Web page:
The Great Mortality, by John Kelly

The plague that travelled in a glance
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The first Europeans exposed to the Black Death welcomed it. In the spring of 1347, Caffa, a Genoese trading colony on the Black Sea, was under siege from a Tartar army. When the plague began to kill the besiegers the Genoese took this as a stroke of luck, if not divine intervention. Luck or divine intervention turned, as the Tartar commander, Khan Janibeg, began to catapult the corpses of his men into Caffa. Soon everyone was too sick to fight and just wanted to go home, taking the Black Death with them.

The first Europeans exposed to the Black Death welcomed it. In the spring of 1347, Caffa, a Genoese trading colony on the Black Sea, was under siege from a Tartar army. When the plague began to kill the besiegers the Genoese took this as a stroke of luck, if not divine intervention. Luck or divine intervention turned, as the Tartar commander, Khan Janibeg, began to catapult the corpses of his men into Caffa. Soon everyone was too sick to fight and just wanted to go home, taking the Black Death with them.

Janibeg still enjoys a reputation as the founder of biological warfare, and it is thanks to those who have improved this craft that we now have a scientific understanding of the disease which in less than a decade halved the population of China, and spread as far as the Viking colonies in Greenland: the Japanese General Shiro Ishii, for example, whose ground-breaking work with bed-bugs brought plague to the Chinese city of Changteh during World War Two, to the admiration of his peers. John Kelly, a historian of science and human behaviour draws on the rotten 20th century to illuminate the ghastly 14th.

The root of plague, the bacillus Yersinia pestis, lives on fleas, which live on rodents, and is not normally native in Europe. The 14th century was far from normal, a period of rotten weather, bad harvests and total warfare. With death, war and famine on the loose, pestilence found a ready host community. The experience of Cyprus forms a near perfect microcosm for the entire continent. In the summer of 1347 an earthquake shook the island. This was followed by a tsunami. Through freak conditions the tsunami released a pocket of undersea gas, probably methane, which suffocated those who had not been crushed. Then the Genoese arrived. Their confidence in the natural order of things severely undermined, the Cypriots began a massacre of their Arab slaves.

The arrival of the plague in the north of England two years later was heralded by an earthquake which shook York minister. Another omen was the death of Siamese twins in Hull, who were as famous for their singing voices as for their unusual condition. By coincidence, as the Black Death swept through England, the sheep, who outnumbered the human population, also succumbed to a disease, probably liver fluke, and died by the thousand. An opportunistic Scottish army massed on the border to exploit England's weakness. They caught the plague and many died, but enough survived to take the plague home with them.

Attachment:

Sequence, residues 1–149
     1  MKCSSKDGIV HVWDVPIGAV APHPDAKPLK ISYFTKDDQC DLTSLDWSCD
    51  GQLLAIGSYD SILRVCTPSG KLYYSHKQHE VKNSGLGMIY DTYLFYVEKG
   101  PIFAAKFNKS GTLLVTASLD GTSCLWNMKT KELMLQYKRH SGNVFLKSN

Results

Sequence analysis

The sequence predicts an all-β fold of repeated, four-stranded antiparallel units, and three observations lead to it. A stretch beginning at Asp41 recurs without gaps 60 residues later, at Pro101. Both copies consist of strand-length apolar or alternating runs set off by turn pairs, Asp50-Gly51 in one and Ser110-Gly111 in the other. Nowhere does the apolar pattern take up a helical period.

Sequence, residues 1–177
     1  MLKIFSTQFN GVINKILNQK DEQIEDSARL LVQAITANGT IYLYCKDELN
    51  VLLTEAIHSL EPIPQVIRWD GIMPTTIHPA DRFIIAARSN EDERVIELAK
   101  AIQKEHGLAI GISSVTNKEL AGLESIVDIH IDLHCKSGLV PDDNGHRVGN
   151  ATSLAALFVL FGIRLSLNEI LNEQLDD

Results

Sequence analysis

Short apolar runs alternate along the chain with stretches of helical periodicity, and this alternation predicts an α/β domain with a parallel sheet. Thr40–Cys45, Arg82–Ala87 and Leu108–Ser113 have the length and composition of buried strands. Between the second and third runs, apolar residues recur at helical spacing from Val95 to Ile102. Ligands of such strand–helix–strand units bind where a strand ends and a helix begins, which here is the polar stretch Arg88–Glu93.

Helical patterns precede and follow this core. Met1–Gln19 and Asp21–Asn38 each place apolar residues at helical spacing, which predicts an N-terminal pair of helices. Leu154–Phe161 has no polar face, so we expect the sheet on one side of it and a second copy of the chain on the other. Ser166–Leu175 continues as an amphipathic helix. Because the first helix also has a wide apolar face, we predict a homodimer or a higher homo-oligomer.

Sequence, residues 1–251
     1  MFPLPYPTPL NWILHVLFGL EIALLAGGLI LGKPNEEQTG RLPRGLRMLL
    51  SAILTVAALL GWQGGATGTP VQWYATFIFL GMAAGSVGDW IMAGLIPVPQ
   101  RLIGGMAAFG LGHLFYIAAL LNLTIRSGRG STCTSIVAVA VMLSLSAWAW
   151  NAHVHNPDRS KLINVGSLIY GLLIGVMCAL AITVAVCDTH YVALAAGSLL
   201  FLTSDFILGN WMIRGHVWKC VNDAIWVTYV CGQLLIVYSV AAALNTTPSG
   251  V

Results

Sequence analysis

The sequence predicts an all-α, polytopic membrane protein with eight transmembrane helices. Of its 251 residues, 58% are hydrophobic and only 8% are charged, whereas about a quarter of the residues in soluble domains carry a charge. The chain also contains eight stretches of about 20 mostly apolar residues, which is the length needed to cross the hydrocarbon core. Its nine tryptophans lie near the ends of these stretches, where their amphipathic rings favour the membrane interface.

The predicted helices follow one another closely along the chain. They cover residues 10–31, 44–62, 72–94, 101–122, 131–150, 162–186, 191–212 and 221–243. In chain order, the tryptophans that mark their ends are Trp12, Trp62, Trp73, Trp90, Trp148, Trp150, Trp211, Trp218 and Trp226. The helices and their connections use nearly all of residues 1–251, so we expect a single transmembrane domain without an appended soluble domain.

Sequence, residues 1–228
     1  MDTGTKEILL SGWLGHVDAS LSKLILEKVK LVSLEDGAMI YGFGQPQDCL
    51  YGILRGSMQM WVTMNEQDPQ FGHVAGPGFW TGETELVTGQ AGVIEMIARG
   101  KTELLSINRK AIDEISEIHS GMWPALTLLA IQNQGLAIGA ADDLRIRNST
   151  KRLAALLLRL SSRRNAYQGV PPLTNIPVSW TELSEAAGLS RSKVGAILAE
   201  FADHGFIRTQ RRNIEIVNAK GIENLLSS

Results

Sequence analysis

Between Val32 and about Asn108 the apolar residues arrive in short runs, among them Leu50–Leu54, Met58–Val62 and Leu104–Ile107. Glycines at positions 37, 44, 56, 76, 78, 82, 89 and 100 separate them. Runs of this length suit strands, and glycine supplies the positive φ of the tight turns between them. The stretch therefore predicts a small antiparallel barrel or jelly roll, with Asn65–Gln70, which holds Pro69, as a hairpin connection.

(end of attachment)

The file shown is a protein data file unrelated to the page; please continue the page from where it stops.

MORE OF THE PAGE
To travel from the Crimea to the Orkneys within three years is an astonishing speed for Y. pestis to travel. In Asia it usually spreads at a rate of a mile per decade. The strain which caused the Black Death was unusually virulent, probably pneumonic as well as bubonic, although some communities suffered both varieties one after the other. Pneumonic plague is airborne, carried in coughs and sneezes, and unhappily causes its victims to cough quite a lot during the 24 hours it takes to kill them. It seemed to some that the plague could travel in a glance and to catch the eye of an infected stranger was enough to doom you. Another theory was that the disease was spread by a Jewish conspiracy to poison wells. Dreadful massacres of Jewish communities followed. Lepers, who wandered Europe in bands during this period, were also looked on with suspicion.

Yet considering how tumultuous public order was during the 14th century, the social fabric held together well. Twentieth-century theoreticians of thermonuclear war estimated that a 50 per cent death rate should destroy a society. Although the Black Death was often stronger than family bonds, and caused parents to abandon infected children, and vice versa, society held together. To Kelly the heroes of the Black Death were the emerging middle class of notaries who stayed at their desks, settling estates and drawing up wills and holding off chaos. Such men kept the plague chronicles which give us the day-to-day details of the Black Death. Many end in mid-sentence.

Did the Black Death change anything? It is natural in a book of this scope that the author will have to make sweeping statements which will cause the well-informed to grit their teeth. Kelly is a fair-minded and reliable guide, with a gift for providing racy and vivid background for those who know nothing of the Middle Ages.

He closes with a convincing rebuttal of those who claim the Black Death was not plague but another unknown disease. He is perhaps at his most contentious in the brief summing up of how the Black Death changed Europe, because it is not clear that it changed anything. All the trends he identifies were established before the plague arrived. It is astonishing that such a catastrophe could have no lasting effect on anything but, as Khan Janibeg knew, life is what you make of it.

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